Monday, 10 February 2014

Warnsdorf Counterexample

In W. W. Rouse Ball's Mathematical Recreations and Essays (11th edition 1939, and probably earlier editions) states (p.181): "Warnsdorff [sic] added that when, by the rule, two or more cells are open to the knight, it may be moved to either or any of them indifferently. This is not so, and with great ingenuity two or three cases of failure have been constructed, but it would require exceptionally bad luck to happen accidentally on such a route." However he gives no reference to where work showing this was done, and diagrams no example of it. The diagrams shown here are the first cases I have encountered where the rule fails.

The choices of route available from f7 onwards all lead to a dead end, shown by the darker circle, that leaves two cells, marked by crosses, unvisited.

Friday, 7 February 2014

Another Two Warnsdorf Closed Tours

Continuing my enumeration I have found two more closed tours that follow the Warnsdorf rule and have only seven places where the rule allows two or more choices. These points of ambiguity are shown by the white circles.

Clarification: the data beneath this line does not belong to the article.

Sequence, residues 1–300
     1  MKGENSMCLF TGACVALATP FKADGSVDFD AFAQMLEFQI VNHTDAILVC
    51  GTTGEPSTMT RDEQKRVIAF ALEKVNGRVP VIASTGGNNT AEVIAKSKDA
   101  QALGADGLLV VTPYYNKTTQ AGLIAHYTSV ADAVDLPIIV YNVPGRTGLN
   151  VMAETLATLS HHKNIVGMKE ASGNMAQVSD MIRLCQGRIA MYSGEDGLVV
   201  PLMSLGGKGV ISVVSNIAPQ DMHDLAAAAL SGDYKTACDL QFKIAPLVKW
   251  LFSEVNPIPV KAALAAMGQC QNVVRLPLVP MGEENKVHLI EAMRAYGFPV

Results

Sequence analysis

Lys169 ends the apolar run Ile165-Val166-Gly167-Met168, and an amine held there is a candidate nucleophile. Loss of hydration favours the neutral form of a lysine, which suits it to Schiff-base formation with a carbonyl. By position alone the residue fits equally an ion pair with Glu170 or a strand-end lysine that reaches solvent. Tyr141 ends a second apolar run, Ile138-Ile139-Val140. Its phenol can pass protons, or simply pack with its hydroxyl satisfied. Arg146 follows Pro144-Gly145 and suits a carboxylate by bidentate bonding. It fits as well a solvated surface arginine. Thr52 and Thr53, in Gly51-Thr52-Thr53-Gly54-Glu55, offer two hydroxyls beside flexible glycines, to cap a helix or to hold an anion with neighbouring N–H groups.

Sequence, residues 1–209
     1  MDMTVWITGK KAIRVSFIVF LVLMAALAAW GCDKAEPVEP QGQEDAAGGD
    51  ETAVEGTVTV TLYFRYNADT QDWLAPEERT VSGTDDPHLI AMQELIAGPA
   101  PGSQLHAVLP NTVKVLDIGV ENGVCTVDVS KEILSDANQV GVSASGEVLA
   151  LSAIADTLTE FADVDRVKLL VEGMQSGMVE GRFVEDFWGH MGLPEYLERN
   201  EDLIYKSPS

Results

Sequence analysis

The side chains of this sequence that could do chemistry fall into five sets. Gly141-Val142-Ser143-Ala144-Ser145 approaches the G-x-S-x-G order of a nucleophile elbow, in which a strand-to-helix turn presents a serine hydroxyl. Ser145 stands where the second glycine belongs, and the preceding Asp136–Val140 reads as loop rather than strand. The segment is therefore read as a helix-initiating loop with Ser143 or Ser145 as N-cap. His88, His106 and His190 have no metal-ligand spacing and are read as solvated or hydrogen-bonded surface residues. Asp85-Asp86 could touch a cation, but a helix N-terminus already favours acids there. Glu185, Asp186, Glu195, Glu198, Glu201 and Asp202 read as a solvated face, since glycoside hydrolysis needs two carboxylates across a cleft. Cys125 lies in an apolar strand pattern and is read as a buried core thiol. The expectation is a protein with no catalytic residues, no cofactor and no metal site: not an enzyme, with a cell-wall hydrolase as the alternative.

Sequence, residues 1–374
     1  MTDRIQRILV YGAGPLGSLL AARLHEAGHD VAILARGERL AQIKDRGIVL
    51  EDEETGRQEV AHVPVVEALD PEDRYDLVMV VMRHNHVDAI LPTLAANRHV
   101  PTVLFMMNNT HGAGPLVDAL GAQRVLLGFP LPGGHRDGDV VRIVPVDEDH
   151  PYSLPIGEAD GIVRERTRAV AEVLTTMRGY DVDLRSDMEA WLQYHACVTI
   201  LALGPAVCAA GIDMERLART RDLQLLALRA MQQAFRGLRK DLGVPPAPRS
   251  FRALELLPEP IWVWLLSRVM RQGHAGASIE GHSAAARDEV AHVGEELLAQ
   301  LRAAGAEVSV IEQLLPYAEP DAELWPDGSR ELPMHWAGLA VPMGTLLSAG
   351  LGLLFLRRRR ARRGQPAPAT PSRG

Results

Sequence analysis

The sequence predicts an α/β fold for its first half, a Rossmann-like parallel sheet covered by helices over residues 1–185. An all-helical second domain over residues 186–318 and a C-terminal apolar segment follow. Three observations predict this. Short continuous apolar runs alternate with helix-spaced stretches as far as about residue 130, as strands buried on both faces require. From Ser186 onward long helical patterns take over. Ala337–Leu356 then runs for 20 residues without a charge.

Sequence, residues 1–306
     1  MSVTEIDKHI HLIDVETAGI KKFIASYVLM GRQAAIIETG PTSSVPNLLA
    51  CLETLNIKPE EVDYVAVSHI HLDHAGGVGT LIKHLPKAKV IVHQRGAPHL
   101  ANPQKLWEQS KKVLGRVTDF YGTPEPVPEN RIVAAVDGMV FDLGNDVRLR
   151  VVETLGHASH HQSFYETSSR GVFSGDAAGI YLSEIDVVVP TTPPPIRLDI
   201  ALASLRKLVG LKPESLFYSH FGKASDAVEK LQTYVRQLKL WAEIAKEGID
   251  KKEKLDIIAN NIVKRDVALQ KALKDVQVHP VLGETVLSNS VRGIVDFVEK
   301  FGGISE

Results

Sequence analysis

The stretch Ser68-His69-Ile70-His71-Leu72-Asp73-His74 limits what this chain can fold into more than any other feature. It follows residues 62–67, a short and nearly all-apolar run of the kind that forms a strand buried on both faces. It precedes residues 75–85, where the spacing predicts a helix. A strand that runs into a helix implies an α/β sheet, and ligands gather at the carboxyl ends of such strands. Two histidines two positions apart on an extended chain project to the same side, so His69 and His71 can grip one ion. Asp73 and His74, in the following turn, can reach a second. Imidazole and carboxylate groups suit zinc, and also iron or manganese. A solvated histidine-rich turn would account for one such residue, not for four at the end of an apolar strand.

The tours start at the black dot and end at the darker outlined circle (this is not a point of ambiguity). Perhaps the tours should properly be termed "re-entrant" since the move joining the end point to the first point is extra to the construction. Any link to the black dot in the course of the construction is prohibited since it would result in a closed circuit covering only part of the board. Alternative routes at the last ambiguity lead to open tours.

Monday, 3 February 2014

Two More Warnsdorf Closed Tours

Here are two more closed tours formed according to the Warnsdorf rule, with minimum of seven cells where there is an alternative route. In these tours there is no choice on the first move given the initial placement of the knight at d1.
These tours are not as symmetric as the previous example and differ from each other only in the choice of routes from f5. Other choices at e4 lead to open tours. This is part of work in progress. I've not yet enumerated all the solutions with 6 ambiguities, but have reached 540 incomplete paths with 5 ambiguous points.